Information that is stored for each piece would include the index of the start of each trajectory originating from it (static), and whether the trajectory leads to any moves. (Or perhaps better: how many moves, as this would facilitate incremental update of the mobility evaluation term.)

Incremental update of these datastructures would be quite fast compared to from-scratch move generation, because the volume of the involved data is so much smaller. But even though the attack map can be kept up to date cheaply, in the end you want to search the moves, and for that you would have to loop through the map. For the captures through the linked lists at the squares of the victims, and for the non-captures through the pieces and their active trajectories. Since in variants with very many pieces typically many pieces are hardly mobile for a large part of the game (because they have yet to be developed), it might be good to have a fast way to loop through all the trajectories. E.g. by storing the number of non-captures currently provided by each trajectory in a byte, and store all these 'mobility counters' contiguously, you could read them 8 bytes at the time, and use a bitscan to extract the next active trajectory, quickly skipping trajectories and pieces that won't provide any moves. That way it doesn't hurt that the attack map contains all potential moves, in contrast to a conventional move list which only contains the pseudo-legal ones. (But there of course you had displaced the problem to the generation of that list.)

Now searching non-captures is usually not so much of a speed issue; because of QS almost all moves that are searched will be captures. And for those you will just loop theough the potential victims in MVV order, and get the moves from the linked lists for the square they are on. You would have to sort these by LVA, but ther will never be very many, and often not more than one. In cut-nodes you can stop this when you reach the futile victimes, in all-nodes you would have to try all.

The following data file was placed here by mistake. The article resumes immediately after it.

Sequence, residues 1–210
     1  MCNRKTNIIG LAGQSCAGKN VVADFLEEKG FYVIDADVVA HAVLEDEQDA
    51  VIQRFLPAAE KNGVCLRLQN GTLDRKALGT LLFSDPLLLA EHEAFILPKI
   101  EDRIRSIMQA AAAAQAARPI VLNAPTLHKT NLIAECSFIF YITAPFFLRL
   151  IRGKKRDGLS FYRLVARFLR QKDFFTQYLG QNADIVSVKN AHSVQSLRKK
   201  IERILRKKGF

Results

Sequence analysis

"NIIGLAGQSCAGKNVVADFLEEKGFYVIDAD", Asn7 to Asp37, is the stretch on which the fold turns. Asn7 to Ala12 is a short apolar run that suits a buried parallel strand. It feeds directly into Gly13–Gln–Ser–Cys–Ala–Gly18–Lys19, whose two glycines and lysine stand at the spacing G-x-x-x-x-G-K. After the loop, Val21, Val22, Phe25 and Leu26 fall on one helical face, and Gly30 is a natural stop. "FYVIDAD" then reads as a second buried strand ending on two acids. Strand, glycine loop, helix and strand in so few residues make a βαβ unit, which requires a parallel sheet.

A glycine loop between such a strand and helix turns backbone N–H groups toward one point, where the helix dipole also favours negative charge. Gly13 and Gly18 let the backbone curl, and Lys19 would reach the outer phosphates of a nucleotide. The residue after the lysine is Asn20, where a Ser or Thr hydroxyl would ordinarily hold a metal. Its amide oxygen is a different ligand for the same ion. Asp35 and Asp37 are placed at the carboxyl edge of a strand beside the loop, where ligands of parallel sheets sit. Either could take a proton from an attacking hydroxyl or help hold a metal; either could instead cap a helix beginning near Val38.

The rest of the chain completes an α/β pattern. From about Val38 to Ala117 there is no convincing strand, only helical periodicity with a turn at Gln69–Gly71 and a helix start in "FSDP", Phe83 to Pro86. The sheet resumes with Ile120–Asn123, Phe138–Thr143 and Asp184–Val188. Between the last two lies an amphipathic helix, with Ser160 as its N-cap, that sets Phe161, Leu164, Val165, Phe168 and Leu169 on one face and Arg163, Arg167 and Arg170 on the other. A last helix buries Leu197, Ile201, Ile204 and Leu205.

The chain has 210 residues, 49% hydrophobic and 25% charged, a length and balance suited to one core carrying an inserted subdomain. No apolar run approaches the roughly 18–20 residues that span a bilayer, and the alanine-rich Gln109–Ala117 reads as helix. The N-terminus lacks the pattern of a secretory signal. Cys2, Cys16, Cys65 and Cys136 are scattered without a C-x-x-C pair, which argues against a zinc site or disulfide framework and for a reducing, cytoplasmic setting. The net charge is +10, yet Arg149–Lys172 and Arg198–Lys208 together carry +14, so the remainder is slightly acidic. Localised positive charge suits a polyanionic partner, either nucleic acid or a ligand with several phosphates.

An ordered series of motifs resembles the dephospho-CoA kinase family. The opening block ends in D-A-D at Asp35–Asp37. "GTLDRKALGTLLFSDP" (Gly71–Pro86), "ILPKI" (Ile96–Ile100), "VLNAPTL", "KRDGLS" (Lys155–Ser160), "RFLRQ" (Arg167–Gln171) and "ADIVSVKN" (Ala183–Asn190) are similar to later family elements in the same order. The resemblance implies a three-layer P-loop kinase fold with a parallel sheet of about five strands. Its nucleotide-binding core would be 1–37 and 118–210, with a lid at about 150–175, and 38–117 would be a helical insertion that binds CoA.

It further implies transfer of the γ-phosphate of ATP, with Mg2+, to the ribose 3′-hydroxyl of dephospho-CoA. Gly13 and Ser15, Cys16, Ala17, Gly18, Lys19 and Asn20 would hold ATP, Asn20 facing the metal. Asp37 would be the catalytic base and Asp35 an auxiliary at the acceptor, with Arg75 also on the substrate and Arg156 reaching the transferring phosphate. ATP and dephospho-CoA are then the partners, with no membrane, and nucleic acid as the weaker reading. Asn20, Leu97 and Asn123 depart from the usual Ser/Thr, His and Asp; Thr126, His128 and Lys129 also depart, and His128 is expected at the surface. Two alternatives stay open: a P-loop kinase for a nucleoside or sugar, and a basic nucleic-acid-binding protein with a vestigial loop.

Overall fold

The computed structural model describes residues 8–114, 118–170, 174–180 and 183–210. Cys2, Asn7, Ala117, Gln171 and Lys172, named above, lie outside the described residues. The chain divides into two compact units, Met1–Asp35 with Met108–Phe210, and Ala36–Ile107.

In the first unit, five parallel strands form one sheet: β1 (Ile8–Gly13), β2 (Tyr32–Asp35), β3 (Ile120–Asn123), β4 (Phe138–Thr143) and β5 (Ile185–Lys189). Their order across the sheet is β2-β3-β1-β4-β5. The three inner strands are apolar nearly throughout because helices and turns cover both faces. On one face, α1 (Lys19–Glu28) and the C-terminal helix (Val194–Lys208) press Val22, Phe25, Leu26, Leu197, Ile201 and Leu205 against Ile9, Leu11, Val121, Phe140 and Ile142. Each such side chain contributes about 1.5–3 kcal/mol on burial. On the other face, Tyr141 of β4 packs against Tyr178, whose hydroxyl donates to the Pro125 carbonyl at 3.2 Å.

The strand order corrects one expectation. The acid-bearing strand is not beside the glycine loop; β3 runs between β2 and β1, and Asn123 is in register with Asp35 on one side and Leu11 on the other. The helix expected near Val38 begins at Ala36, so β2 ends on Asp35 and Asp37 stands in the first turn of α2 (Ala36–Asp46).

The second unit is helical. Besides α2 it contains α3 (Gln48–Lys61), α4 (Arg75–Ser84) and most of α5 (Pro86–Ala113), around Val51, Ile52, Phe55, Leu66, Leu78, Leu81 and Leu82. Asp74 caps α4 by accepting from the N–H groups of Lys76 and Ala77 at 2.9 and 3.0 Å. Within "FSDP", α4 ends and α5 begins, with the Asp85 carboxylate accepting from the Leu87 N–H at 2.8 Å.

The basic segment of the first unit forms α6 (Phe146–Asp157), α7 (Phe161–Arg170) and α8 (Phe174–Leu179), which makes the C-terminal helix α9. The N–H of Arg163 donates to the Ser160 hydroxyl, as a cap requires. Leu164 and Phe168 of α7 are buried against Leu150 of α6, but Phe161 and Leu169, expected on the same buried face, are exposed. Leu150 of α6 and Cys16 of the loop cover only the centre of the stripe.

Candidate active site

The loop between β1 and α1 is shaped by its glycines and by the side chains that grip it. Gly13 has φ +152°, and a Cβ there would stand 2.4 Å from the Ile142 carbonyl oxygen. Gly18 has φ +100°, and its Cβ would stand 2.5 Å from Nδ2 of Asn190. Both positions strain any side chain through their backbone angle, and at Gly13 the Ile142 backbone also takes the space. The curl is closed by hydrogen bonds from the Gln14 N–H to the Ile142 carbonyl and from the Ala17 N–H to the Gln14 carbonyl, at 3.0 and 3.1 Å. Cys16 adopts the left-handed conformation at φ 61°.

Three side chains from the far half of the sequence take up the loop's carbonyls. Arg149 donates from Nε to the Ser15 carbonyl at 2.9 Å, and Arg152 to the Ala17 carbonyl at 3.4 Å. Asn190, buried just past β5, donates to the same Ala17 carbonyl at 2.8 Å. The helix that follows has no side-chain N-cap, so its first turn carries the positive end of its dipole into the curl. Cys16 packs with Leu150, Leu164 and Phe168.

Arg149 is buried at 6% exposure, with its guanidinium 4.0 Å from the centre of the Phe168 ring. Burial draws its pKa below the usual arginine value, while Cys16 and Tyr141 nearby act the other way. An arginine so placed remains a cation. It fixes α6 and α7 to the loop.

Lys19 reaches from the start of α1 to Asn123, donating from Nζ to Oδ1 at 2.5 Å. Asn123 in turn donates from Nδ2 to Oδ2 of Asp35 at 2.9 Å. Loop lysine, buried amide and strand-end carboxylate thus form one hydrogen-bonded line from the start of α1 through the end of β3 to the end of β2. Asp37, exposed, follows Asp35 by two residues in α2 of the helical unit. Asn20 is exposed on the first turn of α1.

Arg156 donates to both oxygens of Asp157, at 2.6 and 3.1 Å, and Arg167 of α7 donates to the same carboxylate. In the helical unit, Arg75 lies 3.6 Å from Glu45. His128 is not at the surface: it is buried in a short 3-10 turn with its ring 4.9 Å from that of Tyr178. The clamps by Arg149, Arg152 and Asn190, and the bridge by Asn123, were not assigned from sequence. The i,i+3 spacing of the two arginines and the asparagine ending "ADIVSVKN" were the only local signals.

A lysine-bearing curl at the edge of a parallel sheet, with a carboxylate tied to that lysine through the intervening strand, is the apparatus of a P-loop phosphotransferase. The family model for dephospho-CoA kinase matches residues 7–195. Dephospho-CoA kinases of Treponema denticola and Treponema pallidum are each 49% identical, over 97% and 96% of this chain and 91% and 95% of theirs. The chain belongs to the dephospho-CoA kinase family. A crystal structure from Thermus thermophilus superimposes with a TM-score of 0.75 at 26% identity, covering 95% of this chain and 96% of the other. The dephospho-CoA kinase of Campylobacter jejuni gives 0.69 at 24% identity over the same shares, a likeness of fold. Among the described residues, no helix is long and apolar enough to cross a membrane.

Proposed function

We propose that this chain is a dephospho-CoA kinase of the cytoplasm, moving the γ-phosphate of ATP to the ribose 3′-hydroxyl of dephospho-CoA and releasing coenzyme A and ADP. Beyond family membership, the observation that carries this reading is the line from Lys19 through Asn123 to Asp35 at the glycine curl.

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Re: New project: very general engine for variants

Post by phhnguyen »

- So, you want to implement a client/server model for your chess system. I think it should work since you are an expert about that model. The other advantage is that your chess engine could be a normal program, multi threads, strong and fast, without being limited may ways as a JavaScript one (weak, slow, 1 thread only)
- The main disadvantage of server/client model is that you have to pay yourself for all computing from your users because they run on your server. You have to pay more for a stronger server but I doubt you can gain any cent back. It may be so expensive when the number of concurrent users is more than a few, say, from 5th
- If your chess engine is a JavaScript/WASM and connect/be glued directly with your GUI, they all could be downloaded and run on user computers, not your server. You don’t have to pay for their computing, they can’t complain you about having weak/cheap computers. The number of concurrent users is not matters any more
- In any scenario, UCI/stateless is the best since you can’t control all seconds/bits of computing
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Re: New project: very general engine for variants

Post by hgm »

The idea was actually that people would download the server, and run it on their own PC. So they would pay for the computation themselves.

From the user POV it is not very different. By the standard definitions a conventional engine is a server, and a GUI is a client. Just not a HTTP over TCP/IP server, but a UCI/WB over pipes server. The users download an executable, which is the engine, and a HTML file, which is the GUI. The main difference is that they have to start the engine directly from the OS. After that they can start the GUI by double-clicking the icon of the HTML page. This will open the page in their standard browser. The page will contain a link to the server on the 'localhost' domain (by convention translated to IP address 127.0.0.1) that they have set up by running the engine executable, and by clicking it they will be connected to the engine and can start playing.

To make life even simpler the server and the browser could be launched from a batch file, so they would only have to click that.

But of course the port on which the engine server listens could also be approached from outside the PC, so that the engine does not need to be on the same machine as the GUI. People could for instance play it from a different machine on their LAN, or from their telephone or tablet over the WiFi. (They might have to do some port translation in their router for that, though.) The engine might run only on a PC, but the GUI, being browser based, would also run on Android or iOS.